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Why You May Need an Attorney Upon a Loved One’s Death


The first time many people encounter the courts or the potential of hiring an attorney is after the death of a close relative. Oftentimes a bank or financial institution will reach out requesting information, or someone is notified that they are a beneficiary of an estate, or that they have inherited some responsibility under the terms of the loved one’s will. This information or responsibility might feel overwhelming, on top of the grief inherent in losing a loved one. How do you even know what to do? You may have even gone down to the courthouse seeking answers, only to have them tell you that you  need to speak with an attorney, which can be understandably frustrating. What does this mean? Why would, or should, you need to engage with an attorney?

If a bank has contacted you saying that you need to see an attorney or go to the courts, it is highly likely that your loved ones’ assets need to go through the probate process. There are many steps to the probate process, and there is a reason that professional attorneys are often sought out to help people navigate through the complexities of the process. To determine whether your loved ones’ (decedent) estate needs to go through probate, who is supposed to be in charge of the estate, and other necessary details, you need to determine the extent of the decedent’s assets and how they are titled (how they are owned). There are generally four types of asset ownerships to be aware of, discussed in more detail below.

  • Probate Assets: Generally speaking, a probate asset is one that the decedent owned, standalone, in their name. A wills and probate attorney can help you put these assets through the probate process. Probate will likely be necessary for those assets that are held solely in the decedent’s name upon their death, because ownership of the item cannot automatically pass to anyone else.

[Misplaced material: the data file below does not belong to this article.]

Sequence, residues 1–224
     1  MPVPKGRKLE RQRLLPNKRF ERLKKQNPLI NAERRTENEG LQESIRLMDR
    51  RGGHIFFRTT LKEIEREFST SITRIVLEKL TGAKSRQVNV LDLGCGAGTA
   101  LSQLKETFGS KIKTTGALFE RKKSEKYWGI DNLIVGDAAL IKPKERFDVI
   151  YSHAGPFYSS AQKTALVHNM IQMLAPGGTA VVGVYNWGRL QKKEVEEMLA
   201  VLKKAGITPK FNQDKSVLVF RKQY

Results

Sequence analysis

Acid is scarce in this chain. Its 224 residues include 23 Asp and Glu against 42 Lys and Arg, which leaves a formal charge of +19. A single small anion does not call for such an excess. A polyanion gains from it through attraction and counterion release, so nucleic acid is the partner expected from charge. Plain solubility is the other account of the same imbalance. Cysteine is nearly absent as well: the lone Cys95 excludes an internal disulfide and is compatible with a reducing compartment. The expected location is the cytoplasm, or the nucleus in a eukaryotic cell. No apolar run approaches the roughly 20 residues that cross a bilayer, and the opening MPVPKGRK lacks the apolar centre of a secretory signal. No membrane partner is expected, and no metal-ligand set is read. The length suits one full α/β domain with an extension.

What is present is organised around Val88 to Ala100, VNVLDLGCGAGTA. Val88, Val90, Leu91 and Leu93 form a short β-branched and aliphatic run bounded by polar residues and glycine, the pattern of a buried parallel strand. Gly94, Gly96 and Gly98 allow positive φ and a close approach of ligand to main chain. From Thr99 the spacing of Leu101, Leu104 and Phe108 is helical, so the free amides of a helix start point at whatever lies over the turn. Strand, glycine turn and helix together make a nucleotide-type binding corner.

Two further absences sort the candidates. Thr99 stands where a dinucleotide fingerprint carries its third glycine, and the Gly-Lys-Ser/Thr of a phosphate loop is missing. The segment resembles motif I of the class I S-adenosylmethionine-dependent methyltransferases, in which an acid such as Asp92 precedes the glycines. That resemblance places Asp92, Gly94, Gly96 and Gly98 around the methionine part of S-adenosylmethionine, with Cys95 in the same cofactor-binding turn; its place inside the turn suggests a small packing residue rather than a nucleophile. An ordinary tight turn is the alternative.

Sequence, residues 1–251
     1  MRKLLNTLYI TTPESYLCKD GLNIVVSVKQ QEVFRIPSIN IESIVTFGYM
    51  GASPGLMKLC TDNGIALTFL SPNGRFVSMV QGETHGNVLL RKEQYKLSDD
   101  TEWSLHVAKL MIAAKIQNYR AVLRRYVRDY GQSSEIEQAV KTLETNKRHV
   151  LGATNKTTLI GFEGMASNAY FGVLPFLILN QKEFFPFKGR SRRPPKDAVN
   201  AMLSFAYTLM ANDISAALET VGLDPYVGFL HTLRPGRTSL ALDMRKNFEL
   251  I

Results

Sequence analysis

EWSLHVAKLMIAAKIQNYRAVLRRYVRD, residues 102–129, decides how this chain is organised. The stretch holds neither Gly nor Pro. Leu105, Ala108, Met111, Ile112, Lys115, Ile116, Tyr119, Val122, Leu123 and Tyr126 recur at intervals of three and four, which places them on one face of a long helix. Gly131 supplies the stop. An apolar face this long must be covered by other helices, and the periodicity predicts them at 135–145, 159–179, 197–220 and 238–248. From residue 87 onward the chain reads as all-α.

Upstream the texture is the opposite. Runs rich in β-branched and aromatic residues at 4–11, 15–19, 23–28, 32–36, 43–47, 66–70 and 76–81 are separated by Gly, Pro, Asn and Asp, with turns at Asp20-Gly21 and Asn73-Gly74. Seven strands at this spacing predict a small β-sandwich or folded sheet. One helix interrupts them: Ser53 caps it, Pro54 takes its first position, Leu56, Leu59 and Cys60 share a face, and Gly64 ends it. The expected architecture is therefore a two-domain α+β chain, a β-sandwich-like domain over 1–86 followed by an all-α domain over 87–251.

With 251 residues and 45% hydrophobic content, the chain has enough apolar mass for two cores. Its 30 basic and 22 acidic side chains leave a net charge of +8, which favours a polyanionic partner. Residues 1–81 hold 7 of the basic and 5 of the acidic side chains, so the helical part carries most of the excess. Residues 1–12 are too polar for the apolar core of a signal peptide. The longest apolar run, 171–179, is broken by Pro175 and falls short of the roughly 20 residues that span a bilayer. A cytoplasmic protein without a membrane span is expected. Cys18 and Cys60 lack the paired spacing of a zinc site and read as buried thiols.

• Joint Tenancy Assets with Survivorship: These are any assets that are now owned by someone else automatically, because they were co-owned with the decedent prior to the decedent’s death. For example, a home that is co-owned would not ordinarily need to be put through the probate process, since the surviving owner still holds ownership in the home. Ordinarily the surviving owner of the asset can take necessary actions to claim control of these assets without putting the item through probate.
  • Assets with Beneficiary Designations: These are the kinds of assets that would be distributed to the named beneficiaries. These assets might include items such as life insurance,  401ks, or IRAs.
  • Trust Assets: Assets owned in a trust would likely be distributed by the terms designated in the estate planning documents. There are different kinds of trusts, and the terms would vary according to each individual circumstance. Working with an experienced attorney would help those family members left behind navigate the terms of distribution set forth in the estate plan. However, many individuals choose to build trusts into their estate plan because it is generally much easier to settle a trust than to put all of the items that would go into a trust through the probate process instead.

There are many variables in play when handling the effects of a loved one. An experienced wills and probate attorney can help.

Contact Suncoast Civil Law

Whether you are looking for help in settling the affairs of a loved one, or hoping to get your own affairs in order, the wills and probate attorneys at Suncoast Civil Law can help. Contact our office today.